Money exists in a blind spot for many people. We either don’t have a single view of it all, or we choose to ignore it. 22seven user Lexi found that by removing the blind spot she could take the first steps toward understanding her money and facing up to the realities of where it was going. However, there is another form of money blindness to look out for. So to speak. Behavioural scientists have found that we all have areas of our lives where we subconsciously turn a blind eye on our spending, and there is a very effective way to tackle this.

‘Money blindness’ is a term used by gamblers to describe how the value of money varies in our perception based on the situation we find ourselves in. People in casinos often attach a different value model to the money they’re burning through. You might be careful to not recklessly spend R500 when it’s in the form of cash in your wallet, but are less careful when swiping your credit card for a R500 item of clothing, as a non-gambling example.

Studies have also shown that money blindness varies from person to person. Some people are able to control their spending on grocery shopping, for example, but struggle to control what they spend on clothing, or nights out with friends.

Whatever your challenges with money blindness are, the solution is the same for everyone – awareness of your spending habits drives a change in behaviour. When you hold a mirror up to your spending it’s impossible to ignore the problems. You can’t change something you can’t see.

When you hold a mirror up to your spending it is impossible to ignore the problems. You can’t change something you can’t see.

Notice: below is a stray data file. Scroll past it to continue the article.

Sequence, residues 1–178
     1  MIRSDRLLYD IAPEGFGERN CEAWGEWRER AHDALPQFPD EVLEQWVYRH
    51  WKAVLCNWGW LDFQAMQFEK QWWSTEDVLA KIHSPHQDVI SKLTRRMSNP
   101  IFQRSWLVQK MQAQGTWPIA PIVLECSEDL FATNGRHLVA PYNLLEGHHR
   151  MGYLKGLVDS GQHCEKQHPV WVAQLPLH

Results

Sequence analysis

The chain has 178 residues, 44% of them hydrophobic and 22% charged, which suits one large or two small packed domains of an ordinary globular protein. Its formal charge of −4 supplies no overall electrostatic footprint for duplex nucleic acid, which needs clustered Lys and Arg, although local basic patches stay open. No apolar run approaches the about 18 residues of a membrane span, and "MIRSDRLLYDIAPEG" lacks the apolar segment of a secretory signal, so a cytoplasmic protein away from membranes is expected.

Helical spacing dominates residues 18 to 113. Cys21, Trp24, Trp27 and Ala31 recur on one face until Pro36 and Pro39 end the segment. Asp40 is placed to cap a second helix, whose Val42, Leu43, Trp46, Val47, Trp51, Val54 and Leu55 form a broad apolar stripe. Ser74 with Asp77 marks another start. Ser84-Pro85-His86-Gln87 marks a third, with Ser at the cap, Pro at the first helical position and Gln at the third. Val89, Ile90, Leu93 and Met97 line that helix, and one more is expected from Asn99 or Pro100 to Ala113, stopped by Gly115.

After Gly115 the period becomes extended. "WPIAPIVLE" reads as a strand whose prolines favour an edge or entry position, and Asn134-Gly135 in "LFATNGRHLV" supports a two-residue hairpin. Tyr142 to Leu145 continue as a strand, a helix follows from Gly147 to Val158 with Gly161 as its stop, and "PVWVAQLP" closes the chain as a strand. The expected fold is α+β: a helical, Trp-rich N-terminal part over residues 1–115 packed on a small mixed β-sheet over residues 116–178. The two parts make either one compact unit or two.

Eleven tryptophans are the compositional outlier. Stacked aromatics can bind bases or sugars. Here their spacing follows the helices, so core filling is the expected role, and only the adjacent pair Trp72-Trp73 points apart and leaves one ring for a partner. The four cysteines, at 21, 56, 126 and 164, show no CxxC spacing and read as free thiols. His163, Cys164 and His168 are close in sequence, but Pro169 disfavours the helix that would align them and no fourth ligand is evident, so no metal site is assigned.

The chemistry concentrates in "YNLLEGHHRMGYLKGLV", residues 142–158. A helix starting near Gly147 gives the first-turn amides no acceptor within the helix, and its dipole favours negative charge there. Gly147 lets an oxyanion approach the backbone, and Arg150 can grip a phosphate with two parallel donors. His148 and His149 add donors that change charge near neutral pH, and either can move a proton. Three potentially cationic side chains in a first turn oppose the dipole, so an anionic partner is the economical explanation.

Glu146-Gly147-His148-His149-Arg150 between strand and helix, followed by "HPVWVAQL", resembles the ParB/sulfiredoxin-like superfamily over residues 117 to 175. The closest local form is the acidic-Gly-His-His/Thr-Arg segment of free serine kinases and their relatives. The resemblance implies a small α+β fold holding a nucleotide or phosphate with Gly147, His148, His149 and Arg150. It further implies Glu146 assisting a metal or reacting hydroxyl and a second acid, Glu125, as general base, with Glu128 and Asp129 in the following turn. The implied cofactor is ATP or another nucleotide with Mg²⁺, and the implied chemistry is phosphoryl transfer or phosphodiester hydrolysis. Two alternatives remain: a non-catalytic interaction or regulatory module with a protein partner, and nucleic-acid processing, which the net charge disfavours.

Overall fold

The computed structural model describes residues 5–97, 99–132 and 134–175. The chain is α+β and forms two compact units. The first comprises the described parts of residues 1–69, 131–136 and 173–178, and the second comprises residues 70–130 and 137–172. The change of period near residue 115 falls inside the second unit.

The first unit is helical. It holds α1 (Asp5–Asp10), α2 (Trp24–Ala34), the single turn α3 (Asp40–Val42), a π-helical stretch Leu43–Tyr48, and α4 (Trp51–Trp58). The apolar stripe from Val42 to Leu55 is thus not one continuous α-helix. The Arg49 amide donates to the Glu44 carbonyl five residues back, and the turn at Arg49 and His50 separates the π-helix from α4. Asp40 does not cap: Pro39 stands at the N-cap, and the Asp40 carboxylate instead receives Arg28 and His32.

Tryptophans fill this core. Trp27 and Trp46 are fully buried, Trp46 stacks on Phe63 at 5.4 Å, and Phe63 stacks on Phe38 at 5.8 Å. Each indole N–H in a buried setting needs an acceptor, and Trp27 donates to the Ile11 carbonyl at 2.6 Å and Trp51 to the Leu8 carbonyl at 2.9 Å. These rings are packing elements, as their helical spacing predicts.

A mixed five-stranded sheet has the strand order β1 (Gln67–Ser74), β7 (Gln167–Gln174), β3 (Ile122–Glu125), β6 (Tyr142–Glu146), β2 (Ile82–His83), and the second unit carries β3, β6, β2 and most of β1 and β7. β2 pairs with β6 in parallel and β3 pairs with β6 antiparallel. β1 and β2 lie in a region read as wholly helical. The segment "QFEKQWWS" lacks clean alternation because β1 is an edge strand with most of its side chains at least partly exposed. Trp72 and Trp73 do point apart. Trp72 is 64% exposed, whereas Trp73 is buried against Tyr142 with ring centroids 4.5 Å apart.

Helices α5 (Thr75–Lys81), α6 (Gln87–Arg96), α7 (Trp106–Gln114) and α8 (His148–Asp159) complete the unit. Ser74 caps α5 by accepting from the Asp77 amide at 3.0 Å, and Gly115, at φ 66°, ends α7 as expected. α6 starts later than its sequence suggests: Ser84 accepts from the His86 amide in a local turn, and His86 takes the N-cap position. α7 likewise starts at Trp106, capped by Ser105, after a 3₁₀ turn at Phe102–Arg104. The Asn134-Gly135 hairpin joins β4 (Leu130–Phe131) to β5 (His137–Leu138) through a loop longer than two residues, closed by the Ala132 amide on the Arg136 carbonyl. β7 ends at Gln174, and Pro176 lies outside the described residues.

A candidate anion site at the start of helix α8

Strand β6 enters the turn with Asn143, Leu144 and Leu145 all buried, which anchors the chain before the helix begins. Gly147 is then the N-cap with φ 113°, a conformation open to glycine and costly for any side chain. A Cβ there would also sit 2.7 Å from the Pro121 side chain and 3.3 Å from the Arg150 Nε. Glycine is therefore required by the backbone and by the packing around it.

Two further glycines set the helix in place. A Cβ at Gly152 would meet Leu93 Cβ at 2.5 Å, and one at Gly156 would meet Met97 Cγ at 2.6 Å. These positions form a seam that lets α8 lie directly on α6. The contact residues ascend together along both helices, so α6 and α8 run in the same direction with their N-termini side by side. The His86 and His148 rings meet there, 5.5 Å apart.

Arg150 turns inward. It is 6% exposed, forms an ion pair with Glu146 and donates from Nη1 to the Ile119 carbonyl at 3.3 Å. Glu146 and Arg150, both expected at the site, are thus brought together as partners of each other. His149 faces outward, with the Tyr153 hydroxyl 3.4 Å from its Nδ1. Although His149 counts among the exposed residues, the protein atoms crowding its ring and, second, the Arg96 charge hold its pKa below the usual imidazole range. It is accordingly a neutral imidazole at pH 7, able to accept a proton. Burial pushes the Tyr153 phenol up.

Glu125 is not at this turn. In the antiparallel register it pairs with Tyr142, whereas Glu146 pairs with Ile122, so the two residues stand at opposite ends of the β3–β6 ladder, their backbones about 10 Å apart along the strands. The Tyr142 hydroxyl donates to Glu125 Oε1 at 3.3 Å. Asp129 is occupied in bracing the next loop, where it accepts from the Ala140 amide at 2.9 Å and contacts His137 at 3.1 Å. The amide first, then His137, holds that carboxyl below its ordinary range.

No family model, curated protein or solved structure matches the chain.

Abraham Maslow – the famous American psychologist who is known for ‘Maslow’s hierarchy of needs’ – spent his life studying human behaviour and the things that drive our decisions. He put it quite simply: “What is necessary to change a person is to change his awareness of himself.”

In the video below Lexi explains how starting to take a look at her spending behaviour made it obvious where things were going wrong and empowered her to change her behaviour.

When you see your own behaviour laid bare there is no escaping from facts, whereas its easy to ignore things that aren’t constantly in your frame of view.

It’s something you need to stick to.

The world makes it easy for us to swipe and forget. To focus impulsively on what we want now while losing sight of what it would really mean to the rest of our lives. When you take the steps to encourage mindfulness of your money and a view of the impact of your behaviour, however, the problem almost seems to just go away. It’s something you need to stick to, but it doesn’t have to be hard work. The first step is taking a look at what’s really going on.